Without support roles in the church, little or no ministry would take place. Pastors may have a heart for preaching, but they still have to feed their families. That requires that payroll be processed.
Unless you are a house church, you probably owe rent or utilities to a vendor, and checks have to be prepared. If you have more than a couple of employees, your church likely has information technology and human resources needs.
These support roles may be filled by volunteers or paid staff. Regardless, your church should take care not to minimize the importance of these responsibilities. You can help ensure they are given their due by following a few key guidelines.
Tone at the top is critical
If the senior pastor or the board doesn’t see the support roles as important, neither will anyone else. If those in authority don’t comply with policies and procedures, it will be increasingly difficult to get others to comply as well. Leadership should be the biggest champion for the support functions within the church.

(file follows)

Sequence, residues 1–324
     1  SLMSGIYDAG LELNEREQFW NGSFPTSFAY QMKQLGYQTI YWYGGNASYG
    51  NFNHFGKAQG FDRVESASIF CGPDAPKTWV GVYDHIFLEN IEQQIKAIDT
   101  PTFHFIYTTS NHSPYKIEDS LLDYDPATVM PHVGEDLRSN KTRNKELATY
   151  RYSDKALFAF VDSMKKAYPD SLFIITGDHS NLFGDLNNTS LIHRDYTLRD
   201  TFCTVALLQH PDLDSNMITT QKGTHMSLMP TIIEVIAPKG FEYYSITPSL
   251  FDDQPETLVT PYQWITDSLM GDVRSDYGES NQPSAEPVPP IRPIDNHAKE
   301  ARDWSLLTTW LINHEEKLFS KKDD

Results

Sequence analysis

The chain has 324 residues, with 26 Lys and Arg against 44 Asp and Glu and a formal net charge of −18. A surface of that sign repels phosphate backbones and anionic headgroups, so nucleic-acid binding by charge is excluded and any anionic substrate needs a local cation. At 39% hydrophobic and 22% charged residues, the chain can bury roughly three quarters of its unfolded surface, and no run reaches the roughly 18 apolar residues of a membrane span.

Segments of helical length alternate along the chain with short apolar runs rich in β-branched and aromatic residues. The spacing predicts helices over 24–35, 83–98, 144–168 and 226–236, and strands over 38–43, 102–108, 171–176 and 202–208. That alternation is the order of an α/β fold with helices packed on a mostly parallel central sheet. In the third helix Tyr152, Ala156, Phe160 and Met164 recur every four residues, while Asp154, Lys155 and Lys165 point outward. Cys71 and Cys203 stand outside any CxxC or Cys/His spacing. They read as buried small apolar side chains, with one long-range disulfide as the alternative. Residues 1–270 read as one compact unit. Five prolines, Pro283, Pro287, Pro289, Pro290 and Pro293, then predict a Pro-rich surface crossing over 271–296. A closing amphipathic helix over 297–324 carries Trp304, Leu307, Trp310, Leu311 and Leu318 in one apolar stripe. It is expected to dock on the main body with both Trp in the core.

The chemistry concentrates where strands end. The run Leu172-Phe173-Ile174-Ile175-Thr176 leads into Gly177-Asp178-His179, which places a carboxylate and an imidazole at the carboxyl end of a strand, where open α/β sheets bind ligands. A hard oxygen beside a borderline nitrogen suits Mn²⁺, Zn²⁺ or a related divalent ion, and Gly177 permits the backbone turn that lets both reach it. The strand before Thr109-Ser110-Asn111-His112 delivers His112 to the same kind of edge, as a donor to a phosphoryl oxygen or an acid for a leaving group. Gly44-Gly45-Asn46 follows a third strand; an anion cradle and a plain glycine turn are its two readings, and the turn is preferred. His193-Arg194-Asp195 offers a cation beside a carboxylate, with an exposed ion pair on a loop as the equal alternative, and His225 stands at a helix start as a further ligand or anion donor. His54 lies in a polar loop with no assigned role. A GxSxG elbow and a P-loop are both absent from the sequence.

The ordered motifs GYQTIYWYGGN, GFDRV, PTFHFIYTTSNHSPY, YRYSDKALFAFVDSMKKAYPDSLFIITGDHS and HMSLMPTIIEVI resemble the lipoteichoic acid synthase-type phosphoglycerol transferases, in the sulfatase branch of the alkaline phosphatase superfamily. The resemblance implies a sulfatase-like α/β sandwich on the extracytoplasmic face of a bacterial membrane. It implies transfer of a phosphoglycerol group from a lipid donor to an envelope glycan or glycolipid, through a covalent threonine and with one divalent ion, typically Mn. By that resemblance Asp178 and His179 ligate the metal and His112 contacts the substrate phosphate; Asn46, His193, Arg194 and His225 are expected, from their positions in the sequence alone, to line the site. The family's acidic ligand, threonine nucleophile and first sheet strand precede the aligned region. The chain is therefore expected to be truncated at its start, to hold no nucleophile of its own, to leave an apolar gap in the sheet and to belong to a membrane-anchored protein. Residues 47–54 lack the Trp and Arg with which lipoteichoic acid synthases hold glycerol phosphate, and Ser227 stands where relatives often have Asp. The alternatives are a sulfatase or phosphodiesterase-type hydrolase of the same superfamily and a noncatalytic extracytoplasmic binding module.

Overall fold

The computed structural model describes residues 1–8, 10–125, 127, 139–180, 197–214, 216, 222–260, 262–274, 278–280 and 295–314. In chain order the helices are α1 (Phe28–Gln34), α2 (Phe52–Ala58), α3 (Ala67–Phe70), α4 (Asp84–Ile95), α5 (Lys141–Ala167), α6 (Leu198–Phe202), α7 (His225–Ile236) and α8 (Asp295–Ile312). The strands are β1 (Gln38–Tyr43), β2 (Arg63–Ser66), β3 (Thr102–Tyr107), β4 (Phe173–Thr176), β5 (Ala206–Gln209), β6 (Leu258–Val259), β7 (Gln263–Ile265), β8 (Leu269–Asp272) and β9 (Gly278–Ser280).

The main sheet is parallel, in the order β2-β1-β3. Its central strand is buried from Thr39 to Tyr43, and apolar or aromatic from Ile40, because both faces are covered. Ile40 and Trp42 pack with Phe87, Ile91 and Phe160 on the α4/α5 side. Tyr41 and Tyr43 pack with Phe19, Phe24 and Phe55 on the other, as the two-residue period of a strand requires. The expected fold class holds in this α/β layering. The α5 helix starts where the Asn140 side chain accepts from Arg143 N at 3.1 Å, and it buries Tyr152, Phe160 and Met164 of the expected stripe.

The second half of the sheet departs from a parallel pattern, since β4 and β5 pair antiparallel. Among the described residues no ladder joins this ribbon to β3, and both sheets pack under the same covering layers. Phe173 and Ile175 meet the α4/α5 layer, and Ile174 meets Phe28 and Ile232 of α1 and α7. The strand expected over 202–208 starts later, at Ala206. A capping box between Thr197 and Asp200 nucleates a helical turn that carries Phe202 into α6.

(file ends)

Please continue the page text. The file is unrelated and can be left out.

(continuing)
One business administrator I know made it a policy to take new pastors for lunch during their first week on the job. He wanted to develop a good working relationship from the start, and he used the opportunity to communicate the procedures and expectations for the church’s operations, such as expense reimbursements and the budgeting process. He also made it clear, however, that he was there to help the pastor and that if they worked together, it would make both of their jobs easier and likely help accomplish more ministry.